Now Gindo is chewing on a piece of siopao. He was sitting near the entrance, watching as muted cars cruised the darkened road. The city was never pleasant for him, especially at this hour. Mega Manila, as the radios parroted, skillfully hid its dangers from plain view. But within its labyrinths are its serrated claws that preyed blindly on the weak and the innocent.

Where others saw only the beautiful, cosmetic facets of this tiny region of smoke belching cities, Gindo saw something else. He could see in the faces of the people around him the same kind of misery and strife that he had worked so hard to escape back in the province. He saw unrelenting hunger seated in front of extravagant restaurants.

Retching hunger sat in front of bright neon lights, crying and tearing out hairs from scabby scalps.

“Holiday surprise, sir! Holiday surprise, ma’am!” The words brought him back to the 24-hour convenience store. A frail girl, possibly younger than him, greeted a couple that has just walked in.

Gindo had had enough. He left his siopao and walked out the door, trying to block out the promotional chatter of the frail girl who hastily offered him a cup of coffee (plus one free!) as he hurried out.

An hour had already passed. By now he was supposed to be home already, trying to beat off the insomnia that plagued persons like him. Graveyard shift individuals who stay up at night to receive calls from people who had just eaten breakfast somewhere else in the world are chronically sleepless. Gindo coughed, and zipped his jacket to his neck. There were no taxi cabs passing by. It seems that even the trusty cabbies of Makati had slept the night away.

Gindo decided to walk back to his office building to sit, think, dream of payday and his officemate named Lilla, who had the most soothing voice and the smartest head among the call center agents in his team. But Lilla did not even know him by name nor did Lilla care about his existence.

It took Gindo ten minutes to get back to the office building. This time, the security guard was not at his station. Gindo sat down and tried to figure out how he would get home.

Why were there no taxi cabs? Gindo looked around and tried to make sense of what was happening. He was alone, painfully alone. The silence was deafening. The concrete jungle around him lent no warmth and stared him down ominously as if asking – what the fuck are you looking at?

What time was it? 3 AM. He started pressing the buttons of his cellphone. Inbox – EMPTY. Sent Messages – EMPTY. Was there something that he had missed? Was everybody supposed to be in some party tonight, and he was left out, again?

Gindo forgot all about Lilla. Pent up feelings of rage and desperation started to overwhelm him. He remembered the job fair at the university, where he experienced the humiliation of being offered a job that he could have done even before he began his struggle at the university.

The toothy smile of the agent at the job fair assured him that “you don’t need to have a degree to be a story teller for us. Yes sir, our company promises promotion in less than five years, too!” He was being offered ten thousand pesos to be a company clown. For someone who had been accustomed to hunger pains, the sound of the amount tempted him. But Gindo was too idealistic then. He wanted something more.

Eventually, Gindo’s idealism gave out to desperation. He was running out of money and he had been behind his payments at the boarding house. It was getting harder and harder to subsist with the meager stipend he was receiving from some politician’s scholarship. Eventually he applied for a position at the call center.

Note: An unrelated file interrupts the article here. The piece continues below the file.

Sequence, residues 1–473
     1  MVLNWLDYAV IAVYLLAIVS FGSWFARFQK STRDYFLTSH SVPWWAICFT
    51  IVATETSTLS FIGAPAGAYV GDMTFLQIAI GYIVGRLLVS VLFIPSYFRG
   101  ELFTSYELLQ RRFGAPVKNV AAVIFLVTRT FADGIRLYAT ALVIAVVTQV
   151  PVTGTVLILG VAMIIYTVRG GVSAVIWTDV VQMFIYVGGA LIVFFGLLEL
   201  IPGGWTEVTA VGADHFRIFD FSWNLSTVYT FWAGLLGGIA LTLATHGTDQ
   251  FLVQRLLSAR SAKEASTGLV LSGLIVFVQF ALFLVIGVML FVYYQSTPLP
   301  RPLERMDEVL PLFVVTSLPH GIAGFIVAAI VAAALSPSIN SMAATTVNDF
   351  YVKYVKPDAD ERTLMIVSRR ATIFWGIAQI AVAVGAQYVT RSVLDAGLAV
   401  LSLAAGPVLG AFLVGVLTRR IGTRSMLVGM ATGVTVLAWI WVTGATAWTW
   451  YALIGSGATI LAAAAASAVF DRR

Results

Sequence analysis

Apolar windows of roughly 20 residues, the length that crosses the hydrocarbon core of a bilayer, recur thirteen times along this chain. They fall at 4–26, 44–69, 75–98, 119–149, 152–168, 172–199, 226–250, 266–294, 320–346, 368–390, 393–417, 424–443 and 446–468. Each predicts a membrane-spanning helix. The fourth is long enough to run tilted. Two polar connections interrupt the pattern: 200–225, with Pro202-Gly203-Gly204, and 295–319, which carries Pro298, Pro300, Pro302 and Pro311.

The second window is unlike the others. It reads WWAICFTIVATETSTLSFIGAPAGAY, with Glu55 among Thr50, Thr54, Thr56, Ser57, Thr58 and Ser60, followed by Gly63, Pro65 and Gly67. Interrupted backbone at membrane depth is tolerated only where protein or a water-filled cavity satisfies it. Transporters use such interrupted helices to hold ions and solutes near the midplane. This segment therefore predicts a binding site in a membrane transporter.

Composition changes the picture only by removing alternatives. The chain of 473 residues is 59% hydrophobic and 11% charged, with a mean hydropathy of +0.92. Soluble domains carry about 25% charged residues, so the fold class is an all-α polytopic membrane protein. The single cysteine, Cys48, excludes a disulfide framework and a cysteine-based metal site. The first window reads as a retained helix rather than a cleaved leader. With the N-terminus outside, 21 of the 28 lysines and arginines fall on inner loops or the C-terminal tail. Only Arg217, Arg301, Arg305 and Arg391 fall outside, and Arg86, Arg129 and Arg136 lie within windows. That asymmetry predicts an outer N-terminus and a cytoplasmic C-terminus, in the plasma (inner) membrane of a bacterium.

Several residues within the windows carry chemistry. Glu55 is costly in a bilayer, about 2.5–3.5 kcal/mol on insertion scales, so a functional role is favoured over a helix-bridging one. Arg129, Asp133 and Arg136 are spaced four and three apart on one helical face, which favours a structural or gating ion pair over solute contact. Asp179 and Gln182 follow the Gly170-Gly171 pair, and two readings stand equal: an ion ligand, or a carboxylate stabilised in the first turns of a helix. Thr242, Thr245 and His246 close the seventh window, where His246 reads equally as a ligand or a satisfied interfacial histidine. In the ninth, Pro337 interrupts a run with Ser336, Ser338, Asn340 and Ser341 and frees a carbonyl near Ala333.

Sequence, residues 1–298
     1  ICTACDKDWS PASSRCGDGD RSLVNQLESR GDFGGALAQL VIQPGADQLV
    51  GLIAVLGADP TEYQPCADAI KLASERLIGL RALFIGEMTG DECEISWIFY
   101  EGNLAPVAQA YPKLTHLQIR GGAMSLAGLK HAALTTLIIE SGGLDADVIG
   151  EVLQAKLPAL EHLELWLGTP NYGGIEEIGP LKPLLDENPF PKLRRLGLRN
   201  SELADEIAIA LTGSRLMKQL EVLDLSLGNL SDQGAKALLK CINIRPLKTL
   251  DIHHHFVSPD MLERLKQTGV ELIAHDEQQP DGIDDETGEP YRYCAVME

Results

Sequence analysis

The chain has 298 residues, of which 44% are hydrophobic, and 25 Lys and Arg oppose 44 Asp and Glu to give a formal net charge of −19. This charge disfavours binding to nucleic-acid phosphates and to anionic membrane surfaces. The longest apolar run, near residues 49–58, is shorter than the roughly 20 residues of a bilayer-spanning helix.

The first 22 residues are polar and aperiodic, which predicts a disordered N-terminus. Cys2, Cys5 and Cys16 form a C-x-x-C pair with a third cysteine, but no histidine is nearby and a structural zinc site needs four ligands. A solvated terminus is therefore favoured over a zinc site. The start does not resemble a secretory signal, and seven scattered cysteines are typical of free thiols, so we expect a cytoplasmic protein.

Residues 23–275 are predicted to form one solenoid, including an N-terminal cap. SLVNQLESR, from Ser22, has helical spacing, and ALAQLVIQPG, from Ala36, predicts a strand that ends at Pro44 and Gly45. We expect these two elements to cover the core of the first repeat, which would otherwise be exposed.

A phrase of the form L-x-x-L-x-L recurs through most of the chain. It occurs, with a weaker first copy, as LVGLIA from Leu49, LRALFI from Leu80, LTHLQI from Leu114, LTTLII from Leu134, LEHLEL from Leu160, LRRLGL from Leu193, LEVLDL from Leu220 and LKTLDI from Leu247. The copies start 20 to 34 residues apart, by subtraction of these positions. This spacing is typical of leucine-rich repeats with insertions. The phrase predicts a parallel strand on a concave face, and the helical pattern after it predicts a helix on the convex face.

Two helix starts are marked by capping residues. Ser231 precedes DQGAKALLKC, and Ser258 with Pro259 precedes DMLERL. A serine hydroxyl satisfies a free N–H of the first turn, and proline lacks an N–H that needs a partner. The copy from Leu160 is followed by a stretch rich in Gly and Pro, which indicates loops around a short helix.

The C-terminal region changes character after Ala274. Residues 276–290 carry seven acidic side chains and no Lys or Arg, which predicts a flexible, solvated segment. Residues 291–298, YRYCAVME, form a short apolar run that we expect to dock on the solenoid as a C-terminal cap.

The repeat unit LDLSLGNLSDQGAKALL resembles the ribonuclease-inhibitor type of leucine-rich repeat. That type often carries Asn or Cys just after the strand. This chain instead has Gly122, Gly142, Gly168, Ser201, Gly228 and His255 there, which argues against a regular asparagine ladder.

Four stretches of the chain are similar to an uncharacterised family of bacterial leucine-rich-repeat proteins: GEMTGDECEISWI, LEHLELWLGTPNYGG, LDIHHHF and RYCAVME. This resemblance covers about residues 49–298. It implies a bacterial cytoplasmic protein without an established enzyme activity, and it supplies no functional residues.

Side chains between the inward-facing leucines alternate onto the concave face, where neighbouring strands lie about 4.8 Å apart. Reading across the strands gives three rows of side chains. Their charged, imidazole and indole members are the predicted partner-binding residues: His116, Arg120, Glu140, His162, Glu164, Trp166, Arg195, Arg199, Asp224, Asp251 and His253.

Light hit the pavement and Gindo looked up, hopeful that he would see an empty taxi cab. Instead, a black car passed and rounded a bend smoothly. It was nearly 4 AM. Soon, the day’s commuters would once against spill into Makati, flooding the emptiness with human bodies desperate to tie themselves down to computer terminals and office desks. Mobility for paid immobility.

A man was smoking nearby and had been looking intently at Gindo for a quarter of an hour. He assessed Gindo, and looked at how fancy the call center building’s entrance was. He moved in quickly, dragging Gindo away from the light of the building’s taxi bay.

Gindo felt the wind knocked out of him as the other man punched and dragged him from his seat. A knife had then been pressed into his right kidney as the man spoke in a low voice. “Give me your money, your cell phone and your watch. Motherfucker, I will kill you if you shout.”

The call center agent tried to reason with the man.

“Sir, I’m just a student, I have nothing, this all I have, please sir-“

“Shut up. Shut up! Give me your cellphone!”

The man slammed Gindo onto the wall and tried ripping his watch off. The metal timepiece flew as the watch’s bracelet was ripped from Gindo’s wrist. The knife was already off Gindo’s kidney. Gindo looked at the man’s face and gasped. The man was not planning to spare him. The man’s eyes told him that he was out to kill.

“Useless pig!” The man stabbed Gindo in the gut and twisted the switch-knife until Gindo felt it dig deep into his stomach. The pain was searing at first, but as the man continued to stab him, the pain went away.

Little by little, Gindo’s senses faded. He did not feel when his head hit the pavement. He no longer heard the wheezing and swearing of the mugger as he took Gindo’s possessions.

The road looked strange form the level of the concrete pavement. Eventually, Gindo lost sight of it, too. The dark blood from his gut flowed freely. Mercurial red, his blood matched the Yuletide banners of a nearby mall.

It was the 25th of December, another cold Christmas for Gindo.